The children were unusally crazy tonight and Dilbert and I had inordinately short patience. I sat the kids down to a small snack at 4:30. This keeps them occupied while I tried to cook diner. While the onions were softening and the chicken was browning the Pudding began doing her drunken party girl impression. I repeatedly told her to calm down and not act so crazy but it didn't sink in until one of her wildly flailing arms connected with a glass sending it to shatter on our stone tile floor (I hate that tile for many reasons, this is one more reason). Now there's glass on the floor, milk on the floor, glass in the cat's bowl, milk in the cat's bowl, and my chicken is finished browning and beginning to burn slightly but I don't have the next thing ready to go in the pot because I'm on my hands and knees cleaning up the spilled milk and glass shards and trying to convince the Pudding to stay in her chair so we don't have to fish pieces of glass out of her foot. It was about then that I bellowed for Dilbert to come and assist me.
My dear sweet Dilbert is a very helpful man but is sometimes just a touch clumsy. He finished wiping up the milk on the floor then started bringing the cats dishes over to the sink to be washed out. The cats water dish looks a little like an office water cooler, a big jug inverted over the bowl. When that is dropped from the height of 4 feet, it creates quite a splash and a much larger mess than the small glass of milk does. Also, a mop, when repeatedly run into a full bag of garbage that is waiting for "someone" to take it out, will tend to break said bag of garbage, causing a bit more mess than was originally there.
At that point, Dilbert cleaned up what he could then took the kids to the other room so that I could return my kitchen to sanity. Once everything was mopped up and back in order we all felt a bit better. The Pudding asked me if I still liked her. That was a bit tough to here because you always think that your kids can see how much you love them. I told her that I always loved her and that her doing a silly thing didn't change that. I tried explaining it to her like this.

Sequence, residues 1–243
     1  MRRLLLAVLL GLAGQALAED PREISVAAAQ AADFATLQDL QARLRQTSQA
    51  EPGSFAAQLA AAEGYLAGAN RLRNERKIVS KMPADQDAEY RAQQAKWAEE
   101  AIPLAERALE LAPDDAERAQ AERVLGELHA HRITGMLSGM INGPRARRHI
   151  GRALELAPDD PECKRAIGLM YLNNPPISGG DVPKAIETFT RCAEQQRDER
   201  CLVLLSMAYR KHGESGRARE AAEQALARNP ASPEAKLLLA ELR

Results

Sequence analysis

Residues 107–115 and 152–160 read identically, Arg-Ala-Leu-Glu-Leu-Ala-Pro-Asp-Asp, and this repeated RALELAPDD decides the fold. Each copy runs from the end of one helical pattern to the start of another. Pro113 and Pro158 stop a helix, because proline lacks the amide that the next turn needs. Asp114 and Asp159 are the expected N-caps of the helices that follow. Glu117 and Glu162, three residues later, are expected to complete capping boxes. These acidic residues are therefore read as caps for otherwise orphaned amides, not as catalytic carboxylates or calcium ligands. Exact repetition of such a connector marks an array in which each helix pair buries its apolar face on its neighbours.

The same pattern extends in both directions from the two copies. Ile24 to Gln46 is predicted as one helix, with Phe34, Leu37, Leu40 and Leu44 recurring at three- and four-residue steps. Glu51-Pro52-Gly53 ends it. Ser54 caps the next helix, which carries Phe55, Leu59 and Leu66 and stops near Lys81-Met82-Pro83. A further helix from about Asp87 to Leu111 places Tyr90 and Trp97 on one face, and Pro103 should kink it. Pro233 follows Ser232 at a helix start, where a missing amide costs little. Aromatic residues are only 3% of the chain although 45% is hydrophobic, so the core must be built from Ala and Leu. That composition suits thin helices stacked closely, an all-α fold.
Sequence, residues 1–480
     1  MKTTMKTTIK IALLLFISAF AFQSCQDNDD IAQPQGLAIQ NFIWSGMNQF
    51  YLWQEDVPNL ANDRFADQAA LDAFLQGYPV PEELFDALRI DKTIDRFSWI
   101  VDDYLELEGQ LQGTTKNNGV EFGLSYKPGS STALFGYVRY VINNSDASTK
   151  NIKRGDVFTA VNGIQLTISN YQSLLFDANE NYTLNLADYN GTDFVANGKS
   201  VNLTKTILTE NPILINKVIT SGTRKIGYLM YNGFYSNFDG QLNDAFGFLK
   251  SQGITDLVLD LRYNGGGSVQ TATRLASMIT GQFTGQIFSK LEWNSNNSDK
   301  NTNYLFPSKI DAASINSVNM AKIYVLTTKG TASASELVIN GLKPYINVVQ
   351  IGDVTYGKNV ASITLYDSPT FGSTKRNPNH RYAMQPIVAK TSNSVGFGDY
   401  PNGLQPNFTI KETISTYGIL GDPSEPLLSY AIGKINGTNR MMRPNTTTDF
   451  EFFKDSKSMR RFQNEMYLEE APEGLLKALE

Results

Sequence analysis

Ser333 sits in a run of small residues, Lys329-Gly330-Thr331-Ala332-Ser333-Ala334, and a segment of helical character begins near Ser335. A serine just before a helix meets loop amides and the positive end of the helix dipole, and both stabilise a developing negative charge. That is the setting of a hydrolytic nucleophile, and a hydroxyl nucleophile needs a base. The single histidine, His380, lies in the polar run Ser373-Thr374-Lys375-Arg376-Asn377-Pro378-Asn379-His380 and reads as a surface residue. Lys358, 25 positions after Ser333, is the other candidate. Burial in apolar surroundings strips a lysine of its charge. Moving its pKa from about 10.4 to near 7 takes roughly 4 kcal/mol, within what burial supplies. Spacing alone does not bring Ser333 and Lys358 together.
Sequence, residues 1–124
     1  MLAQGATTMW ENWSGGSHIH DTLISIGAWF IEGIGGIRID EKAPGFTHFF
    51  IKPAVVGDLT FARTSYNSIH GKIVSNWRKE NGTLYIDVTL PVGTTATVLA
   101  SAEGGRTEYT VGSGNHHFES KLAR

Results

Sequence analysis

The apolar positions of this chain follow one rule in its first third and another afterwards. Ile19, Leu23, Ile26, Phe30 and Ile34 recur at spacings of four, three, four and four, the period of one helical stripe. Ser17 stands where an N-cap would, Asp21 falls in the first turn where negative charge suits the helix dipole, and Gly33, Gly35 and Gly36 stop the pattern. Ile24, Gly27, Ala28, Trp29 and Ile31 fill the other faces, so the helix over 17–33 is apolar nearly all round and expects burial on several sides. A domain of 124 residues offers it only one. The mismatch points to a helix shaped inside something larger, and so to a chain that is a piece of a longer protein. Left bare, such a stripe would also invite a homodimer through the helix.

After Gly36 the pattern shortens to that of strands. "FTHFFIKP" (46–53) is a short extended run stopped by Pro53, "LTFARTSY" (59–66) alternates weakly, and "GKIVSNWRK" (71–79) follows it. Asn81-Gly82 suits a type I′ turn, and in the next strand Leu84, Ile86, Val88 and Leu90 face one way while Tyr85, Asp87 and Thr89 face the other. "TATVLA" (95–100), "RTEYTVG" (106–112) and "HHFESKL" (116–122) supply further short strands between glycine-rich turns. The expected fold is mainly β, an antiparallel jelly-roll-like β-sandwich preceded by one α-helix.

me: Sometimes mommy makes mistakes or does something wrong and you still love her, right?
Pudding: (silence)

So, I finally have the soup simmering, the kitchen is back in order and I head to the living room to let the floor dry out. The Tyke is playing with our home phone and the Pudding won't leave him alone. She kept trying to sneak it away even though I was right there to make sure he didn't call China. Dilbert kept warning her not to try it and she kept doing it. This should have warned us that diner was going to be interesting at best.
We get to the table and at first everything is fine. The tyke is playing with his rice and chicken. The Pudding is saying she doesn't like it but there's nothing unusual about that. Everything is normal, right? NO! The Pudding begins throwing a fit about not wanting to eat. This get's the Tyke upset and starts crying too. Chocolate milk is given as a reward for a bite of chicken and calm is returned briefly. Then the Pudding starts telling Mommy how it isn't which is not a thing we allow in our house. That went something like this.

Me: Pudding, eat your rice, it's very good for you.
Pudding: (Screaming) NO IT ISN'T, DON'T SAY THAT TO ME!

The Chocolate milk was taken away at that point.
Twenty minutes later she was in jammies, read too, sung too, hugs given, kisses received, good nights said and covers tucked in. The Tyke took a few more minutes but they are both now sleeping and I hope, for their sake and mine that they don't wake up until morning because I think I'm going to need that long to recover and be a good mommy again.